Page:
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Keywords:

  • antiretroviral therapy;
  • HIV;
  • opportunistic infections;
  • Pneumocystis carinii pneumonia;
  • prophylaxis

Abstract

  1. Top of page
  2. Abstract
  3. Introduction
  4. Methods
  5. Results
  6. Discussion
  7. References
  8. Appendix

Objective

To assess the medium-term safety of discontinuing prophylaxis (primary or secondary) for opportunistic infections following an effective response to antiretroviral therapy.

Methods

Participating clinical sites prospectively identified patients in whom the discontinuation of prophylaxis for any opportunistic infection was considered to be clinically indicated, although CD4 levels were not predefined. A follow-up report was subsequently sent every 6 months requesting information on changes in prophylaxis, antiretroviral drugs, new AIDS-defining events, and CD4 cell count results.

Results

Prophylaxis for Pneumocystis carinii pneumonia (PCP) was withdrawn in 524 patients (426 primary and 98 secondary prophylaxis), prophylaxis for Mycobacterium avium complex (MAC) was withdrawn in 28 patients (13 primary and 15 secondary), and prophylaxis for cytomegalovirus (CMV) retinitis was withdrawn in 10 patients. CD4 counts were generally maintained above accepted prophylaxis threshold levels during the period of follow up (95–98% of the time). Total follow up to last report or re-continuation of prophylaxis was 680 and 144 person-years for patients discontinuing primary and secondary PCP prophylaxis, respectively. No cases of PCP were reported, giving incidence rates of 0.0 (upper 95% confidence limit 0.4) and 0.0 (2.1) per 100 person-years. No cases of MAC were reported, but one patient had a recurrence of CMV retinitis. PCP prophylaxis was restarted in 30 patients; no patients restarted MAC or CMV prophylaxis.

Conclusions

Previous studies have demonstrated a low risk of PCP in the short term following the withdrawal of prophylaxis in patients who have responded well to antiretroviral therapy. The present study suggests a continuing low level of risk with extended follow up, provided adequate CD4 count levels are maintained. The case of recurrent CMV retinitis in a patient with impressive immunological and virological response indicates the need for close monitoring of patients previously diagnosed with this condition.


Introduction

  1. Top of page
  2. Abstract
  3. Introduction
  4. Methods
  5. Results
  6. Discussion
  7. References
  8. Appendix

The incidence of opportunistic infections (OIs) in HIV-infected persons declined substantially with the widespread use of combination antiretroviral therapy [1]. This suggested the approach of discontinuing antibiotic prophylaxis in patients who experienced effective immune reconstitution, thereby reducing toxicity and drug interactions, lowering costs of care, and potentially improving adherence to antiretroviral regimens. A number of studies, both observational and randomized, confirmed the safety of discontinuing prophylaxis in patients whose CD4 cell count increased to levels indicative of a low risk of opportunistic infection [2–15]. Accordingly, the United States Public Health Service/Infectious Disease Society of America (USPHS/IDSA) guidelines were updated in 2002 [16], and specify the same or slightly more conservative CD4 count thresholds for discontinuing prophylaxis as those for initiating prophylaxis (Table 1). Although a large number of patients have been followed in relevant studies, the duration of follow up is short (typically less than 1 year) and data on the long-term safety of discontinuing prophylaxis are lacking. Here we report the results of the STOPIT study, a cohort study with mainly prospective follow up in which patients were followed for up to 4 years (median of 19 months) after discontinuing primary or secondary prophylaxis for an OI.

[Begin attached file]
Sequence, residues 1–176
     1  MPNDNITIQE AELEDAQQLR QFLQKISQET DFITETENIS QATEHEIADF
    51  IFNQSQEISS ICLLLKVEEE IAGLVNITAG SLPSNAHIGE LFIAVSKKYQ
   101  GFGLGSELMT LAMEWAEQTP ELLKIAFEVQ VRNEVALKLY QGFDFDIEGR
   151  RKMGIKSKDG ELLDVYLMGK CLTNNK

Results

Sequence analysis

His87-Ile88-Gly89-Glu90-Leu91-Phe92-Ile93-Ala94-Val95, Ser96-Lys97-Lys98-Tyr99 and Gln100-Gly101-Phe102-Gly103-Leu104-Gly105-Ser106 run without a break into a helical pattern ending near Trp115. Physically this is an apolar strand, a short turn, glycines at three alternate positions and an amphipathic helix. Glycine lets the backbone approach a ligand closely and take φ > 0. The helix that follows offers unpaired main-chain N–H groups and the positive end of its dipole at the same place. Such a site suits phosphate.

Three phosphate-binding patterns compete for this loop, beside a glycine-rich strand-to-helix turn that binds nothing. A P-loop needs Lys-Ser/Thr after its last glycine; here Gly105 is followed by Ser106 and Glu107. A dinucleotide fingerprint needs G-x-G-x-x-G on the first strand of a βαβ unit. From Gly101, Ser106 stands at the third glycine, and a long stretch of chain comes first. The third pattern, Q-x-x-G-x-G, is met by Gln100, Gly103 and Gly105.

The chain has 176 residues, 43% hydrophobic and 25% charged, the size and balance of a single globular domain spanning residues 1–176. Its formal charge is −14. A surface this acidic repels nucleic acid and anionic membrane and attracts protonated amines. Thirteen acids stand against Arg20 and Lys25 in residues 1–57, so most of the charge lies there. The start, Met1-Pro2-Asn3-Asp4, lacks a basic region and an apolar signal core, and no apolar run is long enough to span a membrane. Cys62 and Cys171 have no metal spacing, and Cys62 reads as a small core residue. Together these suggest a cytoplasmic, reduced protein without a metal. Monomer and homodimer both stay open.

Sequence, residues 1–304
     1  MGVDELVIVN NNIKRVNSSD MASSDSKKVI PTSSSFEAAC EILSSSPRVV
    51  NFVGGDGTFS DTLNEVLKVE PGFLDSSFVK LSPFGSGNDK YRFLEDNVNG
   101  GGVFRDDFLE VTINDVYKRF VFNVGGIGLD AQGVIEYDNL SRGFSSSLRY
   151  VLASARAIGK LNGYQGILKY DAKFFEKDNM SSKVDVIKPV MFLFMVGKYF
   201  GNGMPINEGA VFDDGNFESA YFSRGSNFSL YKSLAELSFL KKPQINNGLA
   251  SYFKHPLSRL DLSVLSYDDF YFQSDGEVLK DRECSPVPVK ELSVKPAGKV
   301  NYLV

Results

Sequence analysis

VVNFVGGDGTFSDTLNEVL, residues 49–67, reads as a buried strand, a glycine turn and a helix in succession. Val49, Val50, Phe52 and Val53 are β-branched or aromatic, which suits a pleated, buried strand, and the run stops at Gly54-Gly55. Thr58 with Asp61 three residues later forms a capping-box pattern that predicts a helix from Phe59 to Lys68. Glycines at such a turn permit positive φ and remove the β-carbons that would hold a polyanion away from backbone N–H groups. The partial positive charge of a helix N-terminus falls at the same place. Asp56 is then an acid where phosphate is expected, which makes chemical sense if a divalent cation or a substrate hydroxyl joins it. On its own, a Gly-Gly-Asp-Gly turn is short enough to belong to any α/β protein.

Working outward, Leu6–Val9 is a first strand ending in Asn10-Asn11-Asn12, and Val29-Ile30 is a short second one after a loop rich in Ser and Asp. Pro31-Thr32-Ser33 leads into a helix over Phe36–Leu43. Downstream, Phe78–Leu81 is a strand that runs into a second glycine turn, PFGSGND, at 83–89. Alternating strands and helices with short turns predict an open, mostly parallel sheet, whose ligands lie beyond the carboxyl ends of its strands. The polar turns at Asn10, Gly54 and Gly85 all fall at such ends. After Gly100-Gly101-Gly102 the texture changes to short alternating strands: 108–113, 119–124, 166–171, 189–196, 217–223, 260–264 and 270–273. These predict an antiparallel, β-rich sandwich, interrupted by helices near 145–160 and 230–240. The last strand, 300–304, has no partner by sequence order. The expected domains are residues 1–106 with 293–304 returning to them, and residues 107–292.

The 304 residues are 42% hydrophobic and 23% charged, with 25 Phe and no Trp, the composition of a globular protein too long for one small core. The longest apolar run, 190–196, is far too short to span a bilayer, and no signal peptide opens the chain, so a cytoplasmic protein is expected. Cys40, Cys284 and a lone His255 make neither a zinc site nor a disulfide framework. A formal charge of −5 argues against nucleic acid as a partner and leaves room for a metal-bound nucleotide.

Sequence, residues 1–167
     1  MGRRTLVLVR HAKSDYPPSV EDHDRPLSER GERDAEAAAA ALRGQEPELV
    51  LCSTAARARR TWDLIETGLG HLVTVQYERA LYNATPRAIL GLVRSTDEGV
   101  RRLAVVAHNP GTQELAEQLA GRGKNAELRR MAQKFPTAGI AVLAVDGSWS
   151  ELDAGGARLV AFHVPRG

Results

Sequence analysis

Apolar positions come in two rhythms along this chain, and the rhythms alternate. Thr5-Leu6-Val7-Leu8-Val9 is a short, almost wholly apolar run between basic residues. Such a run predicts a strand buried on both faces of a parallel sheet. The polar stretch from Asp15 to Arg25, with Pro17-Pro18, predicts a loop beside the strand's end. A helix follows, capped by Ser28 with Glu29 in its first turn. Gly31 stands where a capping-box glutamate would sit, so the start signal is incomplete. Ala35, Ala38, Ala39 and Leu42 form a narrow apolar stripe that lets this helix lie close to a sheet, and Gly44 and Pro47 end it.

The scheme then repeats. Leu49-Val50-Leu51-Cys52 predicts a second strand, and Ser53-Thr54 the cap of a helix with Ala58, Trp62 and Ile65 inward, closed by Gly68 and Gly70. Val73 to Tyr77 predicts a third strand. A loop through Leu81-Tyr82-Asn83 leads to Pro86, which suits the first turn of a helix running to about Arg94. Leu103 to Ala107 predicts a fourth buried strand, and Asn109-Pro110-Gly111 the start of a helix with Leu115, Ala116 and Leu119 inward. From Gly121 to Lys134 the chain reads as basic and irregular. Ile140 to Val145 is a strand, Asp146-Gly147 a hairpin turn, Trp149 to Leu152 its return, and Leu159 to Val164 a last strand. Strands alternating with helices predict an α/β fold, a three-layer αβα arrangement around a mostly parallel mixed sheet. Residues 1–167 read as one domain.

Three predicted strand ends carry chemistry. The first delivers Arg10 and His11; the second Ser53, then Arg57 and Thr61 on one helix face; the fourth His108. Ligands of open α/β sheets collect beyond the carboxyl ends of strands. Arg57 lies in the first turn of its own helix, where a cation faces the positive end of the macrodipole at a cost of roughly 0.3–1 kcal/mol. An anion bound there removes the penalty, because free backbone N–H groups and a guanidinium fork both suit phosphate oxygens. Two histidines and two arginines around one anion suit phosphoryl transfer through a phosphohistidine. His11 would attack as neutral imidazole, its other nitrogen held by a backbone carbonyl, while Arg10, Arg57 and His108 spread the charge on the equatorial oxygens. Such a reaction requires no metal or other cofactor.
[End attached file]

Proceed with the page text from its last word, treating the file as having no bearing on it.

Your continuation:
Table 1.   CD4 criteria for starting, discontinuing, and restarting opportunistic infection prophylaxis for adults with HIV infection [16]
Opportunistic infectionInitiating primary prophylaxisDiscontinuing prophylaxisRestarting prophylaxis
  • *

    Secondary prophylaxis.

Pneumocystiscarinii<200 cells/μL or>200 cells/μL for<200 cells/μL
pneumoniaoropharyngeal≥3 months 
 Candida  
Disseminated<50 cells/μLPrimary:Primary:
Mycobacterium avium >100 cells/μL for<50–100 cells/μL
complex ≥3 monthsSecondary:
  Secondary:<100 cells/μL
  sustained, 
  e.g.≥6 months 
Cytomegalovirus >100-150 cells/μLCD4 count of
retinitis* sustained, e.g.<100–150 cells/μL
  ≥6 months 

Methods

  1. Top of page
  2. Abstract
  3. Introduction
  4. Methods
  5. Results
  6. Discussion
  7. References
  8. Appendix

In October 1998, all clinical centres in the Medical Research Council (MRC) Clinical Trials Unit network were invited to participate in a cohort study of HIV-infected patients who had discontinued prophylaxis (either primary or secondary) for an OI following an effective response to antiretroviral therapy. To reflect the variation in clinical practice at the time, ‘effective’ was not formally defined in terms of a specific CD4 count or viral load response but was left to the judgement of the individual clinician. However, patients were ineligible if prophylaxis had been stopped because of an adverse drug reaction or against medical advice.